Food & Drink: Wild oats in a country kitchen garden: She has spent time in jail and at Buckingham Palace, but Lady Carlisle now runs a restaurant, says Emily Green

In November 1970, a nice, middle-class, college-educated girl named Carla Heffner found herself in Alemeida County Jail in Oakland, California. She was one of only two white inmates. The other was a racist redneck. She invited the redneck to join a dinner table which included black prisoners. The reply was: 'Hell, no. I ain't sitting next to no hippie-commie-lesbo-killer-whore.'

Late last spring, uncomfortably warm in a white silk suit, Carla Heffner Carlisle's mind wandered during the knighting of her husband at Buckingham Palace. 'Who would have thought,' she mused, 'that years later, a hippie-commie-lesbo-killer-whore would be made a lady by the Queen of England?'

When I set off for Suffolk last week, I had not realised Carla Carlisle was Lady Carlisle. Nor had I any idea that her activism, first in the civil rights movement, then against the Vietnam war, had landed her repeatedly in jail. I knew only that one of this paper's employees had visited an American-born wine-maker who had opened a vineyard restaurant near Bury St Edmunds. She had, he told me, worked at Chez Panisse in Berkeley, California.

Chez Panisse is so good it is faintly miraculous. Like Lady Carlisle, it springs from an era of Berkeley radicalism and has evolved into a paragon of civility and grace. The food it serves is seasonal, local and beautifully cooked (mostly in a rural French style that suits the Californian produce). Most impressive is its social impact. Its kitchen has nurtured an ever-expanding northern Californian food culture, committed to organics and seasonality. If Carla Carlisle was even half-way up to Chez Panisse standards, she was going to be a find.

She was born in 1947 in Mississippi. During the Sixties, she went north to study in New York and by 1970 she was in San Francisco, publishing an underground newspaper and working as a shop steward in the Oil, Chemical and Atomic Workers union in a Chevron plant. It was her attempt to stop the plant providing defoliants for Vietnam that landed her in jail with the redneck.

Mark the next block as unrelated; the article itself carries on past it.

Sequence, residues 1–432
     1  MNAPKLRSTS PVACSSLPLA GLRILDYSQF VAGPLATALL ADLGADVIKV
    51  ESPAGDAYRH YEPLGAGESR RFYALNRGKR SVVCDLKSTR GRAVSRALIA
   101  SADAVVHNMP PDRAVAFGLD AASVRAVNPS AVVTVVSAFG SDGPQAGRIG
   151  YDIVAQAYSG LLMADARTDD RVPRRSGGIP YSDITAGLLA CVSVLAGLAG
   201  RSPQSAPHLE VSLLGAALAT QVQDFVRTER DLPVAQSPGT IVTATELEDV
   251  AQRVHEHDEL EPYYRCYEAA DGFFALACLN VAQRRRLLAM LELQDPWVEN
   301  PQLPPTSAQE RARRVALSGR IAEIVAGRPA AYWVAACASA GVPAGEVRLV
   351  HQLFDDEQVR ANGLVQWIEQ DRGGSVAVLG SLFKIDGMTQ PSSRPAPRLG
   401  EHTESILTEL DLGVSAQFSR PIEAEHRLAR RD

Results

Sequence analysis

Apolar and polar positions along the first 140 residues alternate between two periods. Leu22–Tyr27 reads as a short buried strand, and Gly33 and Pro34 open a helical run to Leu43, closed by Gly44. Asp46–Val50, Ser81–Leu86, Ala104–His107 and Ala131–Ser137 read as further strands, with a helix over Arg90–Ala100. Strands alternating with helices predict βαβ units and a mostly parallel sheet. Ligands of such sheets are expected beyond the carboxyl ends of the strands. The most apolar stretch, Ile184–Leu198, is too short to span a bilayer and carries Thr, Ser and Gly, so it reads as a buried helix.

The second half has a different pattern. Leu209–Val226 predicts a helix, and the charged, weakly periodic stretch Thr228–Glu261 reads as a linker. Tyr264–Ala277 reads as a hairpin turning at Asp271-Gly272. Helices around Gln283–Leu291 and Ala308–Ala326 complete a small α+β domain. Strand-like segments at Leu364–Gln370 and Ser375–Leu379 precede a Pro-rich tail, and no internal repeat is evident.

Her work with chemicals, she thinks, was responsible for the leukaemia that followed. Thirteen other workers handling similar chemicals suffered the same illness. Throughout her treatment, she worked in a restaurant. 'I would put on a wig to go waitressing,' she says. By 1974 the cancer was in remission.

So, come to that, was her enthusiasm for the radical movement. 'I grew tomatoes and I loved wine. This was seen as a dangerously bourgeois tendency. Anyway, I was given a job at Chez Panisse,' she says. 'I worked a couple mornings a week with Lindsey Shere, the pastry chef, waitressed at night and wrote at all other times.'

You name it, she wrote it. After a short sojourn with the Washington Post, in 1975 she went to Paris. Here she briefly shared a flat with Jeremiah Tower, who later became one of the most successful restaurateurs in California.

By 1982, a succession of writing jobs had brought her to London. After she adopted a golden labrador, British quarantine laws kept her here. At a dinner party in Battersea, south London, she met Kenneth Carlisle, a gentleman farmer, barrister and Tory MP. They married in July 1986. Three years later, at the age of 42, she gave birth to their son, Sam.

What really makes this marriage work seems to be a shared passion for the land. Two years after they married, the Carlisles planted a vineyard on a south-facing slope which enjoyed unusually dry weather, sandy loam topsoil and good drainage through a chalk foundation.